Prosecution of Christianity in Japan
Every religion in human civilisation had its path of development. Sometimes historical paths of religions coincided, sometimes they were entirely different. In other cases, one religion could be accepted or rejected depending of geographic specifics of the region it was introduced to. Although Christianity was widely spreading around the world in 15th -16th centuries, its acquaintance with the Asian region was not so successful. Particularly disastrous was the introduction of Christianity into Japan. After a few decades of successful spreading of the new religion in the Japanese islands, authoritarian Shogunate became suspicious to the religion which was converting Japanese people not only into new believes but also into Western culture. Thus, in order to keep control over the subordinate territories, Shogunate condemned Christianity and started the witch hunt on its followers. On the first stages of persecution, Christians were to give up their beliefs and return to the cults of ancestors. This was to be achieved through local guards monitoring public meetings, destruction of Christian Shrines and places of martyrdom (Endo 122).
The situation further deteriorated after the Shimabara Rebellion in 1637-1638, which was a result of local authorities' persecution of Christians. Although the rebel was supposed to improve the situation, it convinced Shogunate that new religion was dangerous and that it should be eliminated systematically. Thus, new round of more sever persecution started. In order to survive, Japanese Christians had to go underground and became known as Hidden Christians (Endo 33). On this stage, persecution included not only closing of Christian shrines; authorities became suspicious to any secret or public gathering. Continuous searches were conducted in public places, private houses; population was constantly questioned on the topic of reasons for family or public gatherings. Belonging to Christianity was equal to the death warrant. Potential evidences of were any material belongings considered Christian and Western (Endo 185).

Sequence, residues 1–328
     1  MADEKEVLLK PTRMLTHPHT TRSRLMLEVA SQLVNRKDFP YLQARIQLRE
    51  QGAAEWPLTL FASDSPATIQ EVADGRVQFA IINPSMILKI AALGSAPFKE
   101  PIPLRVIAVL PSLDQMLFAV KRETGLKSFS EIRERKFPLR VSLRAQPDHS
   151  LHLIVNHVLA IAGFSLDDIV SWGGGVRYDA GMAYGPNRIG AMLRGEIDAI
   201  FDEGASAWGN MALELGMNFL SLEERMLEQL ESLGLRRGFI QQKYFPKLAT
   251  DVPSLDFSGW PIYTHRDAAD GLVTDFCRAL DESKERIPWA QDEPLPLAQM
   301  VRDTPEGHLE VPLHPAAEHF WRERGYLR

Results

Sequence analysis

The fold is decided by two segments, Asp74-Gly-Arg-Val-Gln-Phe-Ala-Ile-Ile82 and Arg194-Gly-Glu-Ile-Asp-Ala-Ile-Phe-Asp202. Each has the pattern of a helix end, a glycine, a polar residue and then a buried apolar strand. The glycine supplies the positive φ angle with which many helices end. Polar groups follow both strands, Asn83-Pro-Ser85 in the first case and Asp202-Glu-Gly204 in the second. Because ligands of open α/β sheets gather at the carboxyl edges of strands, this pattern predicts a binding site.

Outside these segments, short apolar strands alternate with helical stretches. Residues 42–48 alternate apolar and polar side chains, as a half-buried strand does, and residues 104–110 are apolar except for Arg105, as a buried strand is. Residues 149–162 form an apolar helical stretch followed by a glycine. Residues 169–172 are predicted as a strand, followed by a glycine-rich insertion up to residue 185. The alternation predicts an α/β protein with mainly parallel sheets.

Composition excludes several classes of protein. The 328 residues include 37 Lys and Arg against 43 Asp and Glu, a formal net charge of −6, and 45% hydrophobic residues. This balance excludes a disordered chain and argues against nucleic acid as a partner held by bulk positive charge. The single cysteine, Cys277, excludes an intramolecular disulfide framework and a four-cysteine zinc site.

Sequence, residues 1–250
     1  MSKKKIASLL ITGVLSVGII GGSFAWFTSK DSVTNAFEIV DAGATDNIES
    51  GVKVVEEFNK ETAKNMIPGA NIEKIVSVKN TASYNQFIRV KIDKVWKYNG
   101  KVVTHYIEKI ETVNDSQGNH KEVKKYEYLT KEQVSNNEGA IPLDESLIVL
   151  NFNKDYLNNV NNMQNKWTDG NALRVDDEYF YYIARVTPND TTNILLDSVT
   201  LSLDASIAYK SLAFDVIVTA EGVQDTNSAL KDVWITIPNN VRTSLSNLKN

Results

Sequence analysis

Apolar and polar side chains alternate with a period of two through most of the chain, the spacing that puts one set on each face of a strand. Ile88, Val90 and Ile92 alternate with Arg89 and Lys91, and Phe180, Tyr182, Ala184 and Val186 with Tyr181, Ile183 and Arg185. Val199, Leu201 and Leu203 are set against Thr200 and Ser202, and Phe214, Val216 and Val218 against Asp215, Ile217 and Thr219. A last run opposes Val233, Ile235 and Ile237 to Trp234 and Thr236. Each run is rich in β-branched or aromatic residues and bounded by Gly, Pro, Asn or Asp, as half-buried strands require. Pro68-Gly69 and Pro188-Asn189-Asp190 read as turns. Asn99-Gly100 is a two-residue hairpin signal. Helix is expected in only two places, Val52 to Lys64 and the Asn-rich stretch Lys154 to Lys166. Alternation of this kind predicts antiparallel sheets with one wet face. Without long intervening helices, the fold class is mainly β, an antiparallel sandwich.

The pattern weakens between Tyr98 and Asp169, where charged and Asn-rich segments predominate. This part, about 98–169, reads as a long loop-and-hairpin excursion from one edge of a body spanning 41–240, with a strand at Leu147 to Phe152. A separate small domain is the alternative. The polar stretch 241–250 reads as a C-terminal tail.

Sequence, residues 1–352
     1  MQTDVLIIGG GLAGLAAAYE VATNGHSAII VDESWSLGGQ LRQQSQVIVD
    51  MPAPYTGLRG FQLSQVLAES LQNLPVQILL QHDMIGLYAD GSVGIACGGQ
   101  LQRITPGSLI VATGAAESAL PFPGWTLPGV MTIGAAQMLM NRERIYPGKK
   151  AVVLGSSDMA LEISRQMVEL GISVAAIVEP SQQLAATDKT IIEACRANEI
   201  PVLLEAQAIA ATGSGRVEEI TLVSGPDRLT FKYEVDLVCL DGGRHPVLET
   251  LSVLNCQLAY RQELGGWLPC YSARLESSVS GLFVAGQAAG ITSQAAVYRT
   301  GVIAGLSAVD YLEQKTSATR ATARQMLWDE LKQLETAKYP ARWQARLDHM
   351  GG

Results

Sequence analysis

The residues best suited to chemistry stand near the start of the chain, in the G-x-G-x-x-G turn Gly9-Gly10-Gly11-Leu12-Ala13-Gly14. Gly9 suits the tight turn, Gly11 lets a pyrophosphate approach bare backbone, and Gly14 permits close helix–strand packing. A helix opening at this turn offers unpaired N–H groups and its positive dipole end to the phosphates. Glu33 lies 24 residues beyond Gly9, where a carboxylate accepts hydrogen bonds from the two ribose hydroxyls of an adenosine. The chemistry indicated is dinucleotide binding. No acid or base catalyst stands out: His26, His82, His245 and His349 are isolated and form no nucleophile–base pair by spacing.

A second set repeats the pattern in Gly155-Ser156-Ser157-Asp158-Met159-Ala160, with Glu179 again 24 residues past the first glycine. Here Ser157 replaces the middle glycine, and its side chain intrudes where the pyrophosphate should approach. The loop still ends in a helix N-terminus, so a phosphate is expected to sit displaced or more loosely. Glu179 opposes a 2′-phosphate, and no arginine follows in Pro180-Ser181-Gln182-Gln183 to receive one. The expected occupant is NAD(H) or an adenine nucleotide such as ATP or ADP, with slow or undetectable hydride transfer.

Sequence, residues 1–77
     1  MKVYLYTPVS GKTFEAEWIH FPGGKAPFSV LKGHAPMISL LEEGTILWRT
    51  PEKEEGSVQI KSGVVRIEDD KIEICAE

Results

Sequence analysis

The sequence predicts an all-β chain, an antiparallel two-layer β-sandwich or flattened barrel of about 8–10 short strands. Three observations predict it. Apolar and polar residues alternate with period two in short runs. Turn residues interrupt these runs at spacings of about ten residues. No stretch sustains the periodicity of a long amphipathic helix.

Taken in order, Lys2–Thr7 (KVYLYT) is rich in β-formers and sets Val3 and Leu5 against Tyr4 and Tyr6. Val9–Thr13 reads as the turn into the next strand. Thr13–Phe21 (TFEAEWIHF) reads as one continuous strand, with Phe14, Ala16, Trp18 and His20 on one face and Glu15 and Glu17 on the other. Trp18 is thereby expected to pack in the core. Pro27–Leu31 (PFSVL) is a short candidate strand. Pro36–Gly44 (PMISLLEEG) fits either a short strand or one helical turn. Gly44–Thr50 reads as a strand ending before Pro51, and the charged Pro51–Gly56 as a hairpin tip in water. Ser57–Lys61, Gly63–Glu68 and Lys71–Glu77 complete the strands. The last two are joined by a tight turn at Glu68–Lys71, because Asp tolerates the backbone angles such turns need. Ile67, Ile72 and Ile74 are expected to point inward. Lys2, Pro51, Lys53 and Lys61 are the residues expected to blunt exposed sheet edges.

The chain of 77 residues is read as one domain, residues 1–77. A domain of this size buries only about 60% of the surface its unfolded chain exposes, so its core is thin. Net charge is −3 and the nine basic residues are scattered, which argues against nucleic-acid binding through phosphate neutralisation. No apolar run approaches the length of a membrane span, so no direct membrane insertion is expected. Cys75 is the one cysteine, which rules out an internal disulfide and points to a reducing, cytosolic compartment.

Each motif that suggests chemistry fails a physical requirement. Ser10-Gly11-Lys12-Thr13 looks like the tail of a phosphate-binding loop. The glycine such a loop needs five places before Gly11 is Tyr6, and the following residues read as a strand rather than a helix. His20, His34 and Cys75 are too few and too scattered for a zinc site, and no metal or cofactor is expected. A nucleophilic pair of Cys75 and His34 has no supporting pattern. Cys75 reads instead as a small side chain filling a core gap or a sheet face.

In order to spread fear among population, show trials and demonstrative public punishments and death sentences were executed. While ordinary people were often simply tortured until they refused from their religion, Christian priests were usually humiliated publically and exposed to the common judgement. For instance, it was not uncommon to see a Jesuit priest to be bound by rope and shown through the main of a city. The humiliation would not only be in showing him in a serving manner, but also in the fact that people would throw garbage and stones at him. Priests were often publically executed through crucifixion or hanging upside down until they died from bleeding. Except for physical tortures and punishment, authorities aimed at the destruction of Christian will. This was achieved through placing moral responsibility of priests for their followers and their potential tortures (Endo 169). Another way to compromise priests was to make them tools in finding Christian followers. In this context, authorities used to make priests identify Christian objects among other Western objects and so contribute to exposure of the fellow-Christians (Endo 187). This action was more demoralising than even public prosecutions or parading through the city, because it deprived priests of dignity to protect their followers.
Overall, persecution of Christianity during the rule of Shogunate was systematic and meticulous and aimed at weakening of Jesuit positions in the country. Although authorities could destroy this religion entirely in Japan, and Hidden Christians survived, the overwhelming spreading of Christianity in Japan stopped. From the historical perspective, it can be argued that Shogunate contributed to the minority status Christianity favours in contemporary Japan.
Endo, Shusaku. Silence. New York: Peter Owen. 2006. Print.